Neuroscientists Joseph W. Kable and Joseph T. McGuire examined time, uncertainty and decision-making and they found that virtues like patience and self-control weren’t as simple as other studies suggested. For example, a marshmallow study found that kids who are given the sweet treat and ate it right away were thought of as impatient and kids who waited had self-control. On the whole, those children who waited went on to lead more productive lives.
But that kind of self-control in the real world “isn’t so black-and-white,” Dr. Kable tells the magazine. Perhaps the inescapability of poverty weighs so heavily on the poor that they abandon long-term planning entirely, because the short-term needs are so great and the long-term gains so implausible. The train is just not coming. Maybe the psychology of poverty, which can seem so irrational to those not in poverty, is actually the most rational response to an unpredictable world.
Business Insider quotes a despairing comment left on the Kinja site to illustrate the point:
It’s not like the sacrifice will result in improved circumstances; the thing holding me back isn’t that I blow five bucks at Wendy’s. It’s that now that I have proven that I am a Poor Person that is all that I am or ever will be. It is not worth it to me to live a bleak life devoid of small pleasures so that one day I can make a single large purchase. I will never have large pleasures to hold on to.
“None of this is an argument against poorer families trying to save or plan for the long-term. It’s an argument for context,” notes The Atlantic. Science study author Eldar Shafir told the magazine, “All the data shows it isn’t about poor people, it’s about people who happen to be in poverty. All the data suggests it is not the person, it’s the context they’re inhabiting.”
The idea of the government giving every adult a basic income has sparked a lot of discussion in recent weeks with a proposal of a free money giveaway from The Atlantic‘s Matt Bruenig and Elizabeth Stoker. Then Annie Lowrey revisited the concept recently in the New York Times. They contemplate whether we could cut poverty with these measure.
According to a September Census Bureau report , 15 percent of Americans (46.5 million) live below the poverty line. Even though government benefits like food stamps help lift some of them above the line, millions still live below it.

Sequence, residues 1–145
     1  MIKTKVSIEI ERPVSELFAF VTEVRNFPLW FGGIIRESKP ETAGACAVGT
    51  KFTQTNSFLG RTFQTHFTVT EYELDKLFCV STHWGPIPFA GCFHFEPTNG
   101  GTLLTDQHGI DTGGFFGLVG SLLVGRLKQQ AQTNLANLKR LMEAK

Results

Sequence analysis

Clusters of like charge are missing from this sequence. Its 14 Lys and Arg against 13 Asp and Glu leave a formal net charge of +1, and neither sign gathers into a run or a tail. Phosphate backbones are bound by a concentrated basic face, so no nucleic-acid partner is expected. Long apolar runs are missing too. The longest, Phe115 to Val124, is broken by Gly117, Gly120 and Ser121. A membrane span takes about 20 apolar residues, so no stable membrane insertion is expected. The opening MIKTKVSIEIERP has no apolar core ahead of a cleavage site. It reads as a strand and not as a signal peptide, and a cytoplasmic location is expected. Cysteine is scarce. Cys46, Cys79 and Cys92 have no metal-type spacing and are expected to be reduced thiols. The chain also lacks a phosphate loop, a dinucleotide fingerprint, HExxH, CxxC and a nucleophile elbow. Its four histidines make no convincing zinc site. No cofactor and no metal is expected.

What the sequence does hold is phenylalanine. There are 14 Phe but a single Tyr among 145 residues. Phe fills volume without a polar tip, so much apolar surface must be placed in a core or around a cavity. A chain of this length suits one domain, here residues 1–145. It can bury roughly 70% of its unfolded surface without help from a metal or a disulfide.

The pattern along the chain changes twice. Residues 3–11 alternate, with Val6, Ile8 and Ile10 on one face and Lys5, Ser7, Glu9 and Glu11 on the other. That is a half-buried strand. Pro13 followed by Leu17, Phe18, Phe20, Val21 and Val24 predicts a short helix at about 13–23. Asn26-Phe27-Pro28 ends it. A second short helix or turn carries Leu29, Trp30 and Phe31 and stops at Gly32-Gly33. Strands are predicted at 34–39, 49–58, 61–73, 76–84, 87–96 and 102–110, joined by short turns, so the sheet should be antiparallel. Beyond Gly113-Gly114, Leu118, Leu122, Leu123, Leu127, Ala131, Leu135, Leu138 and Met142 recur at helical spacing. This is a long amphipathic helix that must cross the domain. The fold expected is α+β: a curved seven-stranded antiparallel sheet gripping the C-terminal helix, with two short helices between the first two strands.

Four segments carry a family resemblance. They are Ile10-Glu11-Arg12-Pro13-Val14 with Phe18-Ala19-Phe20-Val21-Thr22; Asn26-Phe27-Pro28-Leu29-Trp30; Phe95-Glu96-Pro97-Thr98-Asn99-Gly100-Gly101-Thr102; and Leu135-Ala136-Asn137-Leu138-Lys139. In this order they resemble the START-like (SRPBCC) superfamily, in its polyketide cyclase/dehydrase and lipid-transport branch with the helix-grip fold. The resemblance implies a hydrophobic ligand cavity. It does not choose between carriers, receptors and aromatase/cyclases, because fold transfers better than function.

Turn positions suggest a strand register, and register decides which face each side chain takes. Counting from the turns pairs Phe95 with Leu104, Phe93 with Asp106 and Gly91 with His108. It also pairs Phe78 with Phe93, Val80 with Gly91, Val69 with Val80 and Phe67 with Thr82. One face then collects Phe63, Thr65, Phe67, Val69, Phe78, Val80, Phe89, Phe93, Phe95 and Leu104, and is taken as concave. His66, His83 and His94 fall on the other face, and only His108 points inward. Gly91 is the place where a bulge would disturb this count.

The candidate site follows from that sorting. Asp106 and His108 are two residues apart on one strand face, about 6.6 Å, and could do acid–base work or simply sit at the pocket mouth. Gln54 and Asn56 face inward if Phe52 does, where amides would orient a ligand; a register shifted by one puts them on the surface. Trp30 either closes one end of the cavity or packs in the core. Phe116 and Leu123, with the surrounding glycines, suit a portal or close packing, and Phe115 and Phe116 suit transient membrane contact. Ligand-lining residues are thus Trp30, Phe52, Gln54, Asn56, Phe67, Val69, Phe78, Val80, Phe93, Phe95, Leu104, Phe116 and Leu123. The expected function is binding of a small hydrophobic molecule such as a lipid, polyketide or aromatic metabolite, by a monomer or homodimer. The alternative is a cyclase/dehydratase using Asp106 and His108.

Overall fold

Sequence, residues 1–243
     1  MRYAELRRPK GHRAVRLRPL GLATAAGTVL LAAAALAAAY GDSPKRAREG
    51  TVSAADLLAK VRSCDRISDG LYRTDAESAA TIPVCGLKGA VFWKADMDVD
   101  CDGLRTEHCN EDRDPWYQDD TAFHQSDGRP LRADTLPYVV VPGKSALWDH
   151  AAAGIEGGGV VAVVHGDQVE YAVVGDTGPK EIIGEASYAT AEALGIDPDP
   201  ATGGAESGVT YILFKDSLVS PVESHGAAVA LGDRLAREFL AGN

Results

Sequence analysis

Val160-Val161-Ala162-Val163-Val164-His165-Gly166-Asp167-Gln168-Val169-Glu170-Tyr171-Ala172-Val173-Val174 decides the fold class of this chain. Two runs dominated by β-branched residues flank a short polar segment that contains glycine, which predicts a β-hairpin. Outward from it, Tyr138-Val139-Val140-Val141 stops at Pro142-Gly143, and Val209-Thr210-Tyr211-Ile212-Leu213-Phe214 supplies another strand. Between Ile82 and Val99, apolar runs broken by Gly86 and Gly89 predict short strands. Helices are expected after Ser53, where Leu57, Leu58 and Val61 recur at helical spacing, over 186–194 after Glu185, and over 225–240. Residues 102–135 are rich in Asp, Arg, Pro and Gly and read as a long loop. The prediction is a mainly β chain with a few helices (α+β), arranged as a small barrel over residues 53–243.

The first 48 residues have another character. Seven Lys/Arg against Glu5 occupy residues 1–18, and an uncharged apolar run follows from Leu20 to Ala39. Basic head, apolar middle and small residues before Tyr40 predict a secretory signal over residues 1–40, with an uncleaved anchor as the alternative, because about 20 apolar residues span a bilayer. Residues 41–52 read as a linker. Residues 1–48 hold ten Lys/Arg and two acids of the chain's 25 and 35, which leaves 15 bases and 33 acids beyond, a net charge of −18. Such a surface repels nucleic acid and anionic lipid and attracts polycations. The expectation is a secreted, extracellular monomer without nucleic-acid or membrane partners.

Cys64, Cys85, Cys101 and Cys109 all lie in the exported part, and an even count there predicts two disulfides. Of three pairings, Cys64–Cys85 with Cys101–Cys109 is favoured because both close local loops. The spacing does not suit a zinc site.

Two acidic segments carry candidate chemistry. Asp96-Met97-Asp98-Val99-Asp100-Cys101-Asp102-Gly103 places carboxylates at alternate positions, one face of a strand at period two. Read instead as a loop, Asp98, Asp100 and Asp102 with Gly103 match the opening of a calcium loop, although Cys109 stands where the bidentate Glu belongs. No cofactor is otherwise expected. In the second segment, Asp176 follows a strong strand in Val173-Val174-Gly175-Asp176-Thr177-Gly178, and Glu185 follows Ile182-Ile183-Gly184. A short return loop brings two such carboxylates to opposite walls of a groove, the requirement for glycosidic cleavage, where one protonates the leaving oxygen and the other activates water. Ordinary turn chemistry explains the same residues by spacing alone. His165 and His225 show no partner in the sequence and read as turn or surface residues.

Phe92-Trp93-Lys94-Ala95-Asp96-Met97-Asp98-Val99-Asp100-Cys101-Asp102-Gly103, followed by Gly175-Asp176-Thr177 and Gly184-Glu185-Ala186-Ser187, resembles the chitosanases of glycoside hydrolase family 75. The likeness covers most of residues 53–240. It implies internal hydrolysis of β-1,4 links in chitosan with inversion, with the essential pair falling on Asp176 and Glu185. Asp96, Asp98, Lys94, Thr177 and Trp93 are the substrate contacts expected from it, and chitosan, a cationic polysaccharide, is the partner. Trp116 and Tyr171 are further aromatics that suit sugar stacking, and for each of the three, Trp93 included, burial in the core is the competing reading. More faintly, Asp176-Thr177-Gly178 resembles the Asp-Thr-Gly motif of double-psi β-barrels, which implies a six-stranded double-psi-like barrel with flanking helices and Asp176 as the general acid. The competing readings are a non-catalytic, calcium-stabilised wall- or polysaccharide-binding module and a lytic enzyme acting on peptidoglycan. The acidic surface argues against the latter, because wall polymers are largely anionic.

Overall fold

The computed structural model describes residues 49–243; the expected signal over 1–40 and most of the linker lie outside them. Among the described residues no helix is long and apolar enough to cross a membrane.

For this program, people would literally get money in the mail that they can use to improve their situation. “The government would mail every American over the age of 21 a check each month. That’s it. Everyone is free to do what they like with it,” reports Business Insider.
While it sounds simple, the money still has to come from somewhere.
“In 2012, there were 179 million Americans between the ages of 21 and 65 (when Social Security would kick in). The poverty line was $11,945,” reports Business Insider. When adding this up, it would mean it will cost $2.14 trillion to give each working-age American a basic income equal to the poverty line. In comparison, U.S. GDP was nearly $16 trillion in 2012 and $700 billion was allotted to the defense budget.
A minimum income would also allow the government to eliminate benefits like SNAP and housing vouchers. A 2012 Congressional Research Service report revealed that the federal government spends about $750 billion annually on benefits for low-income Americans; this figure rises to a trillion when state programs are factored in. If the government eliminates all of those, the net figure comes out to $1.2 trillion needed to pay for a universal basic income.
There are other ways to pay for the “free” money. “The CBO found that a carbon tax would bring in nearly $100 billion a year for instance. Revenue would also increase automatically since everyone would have a basic income on which to pay taxes,” reports Business Insider.
With a basic income and the security that comes with it, we could also see other changes in society. For instance, workers would have to courage to demand better wages and working conditions. But there are also fears that a program like this would encourage some not to work.
Of course, all of this is just talk right now since it would require Congressional approval. “Congress can’t even keep the government open or pass a budget, much less revamp our entire benefits program into a basic income,” reports Business Insider.
What do you think of the basic income idea?
It’s hard to believe it’s been a year since Superstorm Sandy. Hard to believe because some of the devastated areas still haven’t recovered. Superstorm Sandy left billions of dollars of damage in its wake up the East Coast. Today, there’s a $26-million ad campaign declaring New Jersey “stronger than the storm.” And on many occasions during the recovery, Gov. Chris Christie and federal officials, including President Barack Obama, have toured the state’s ocean-side tourist attractions and communities with single-family homes. “But beneath the state’s seemingly happy story of storm recovery lies what a group of fair-housing and civil rights advocates say is a series of ugly but important truths,” reports The Root.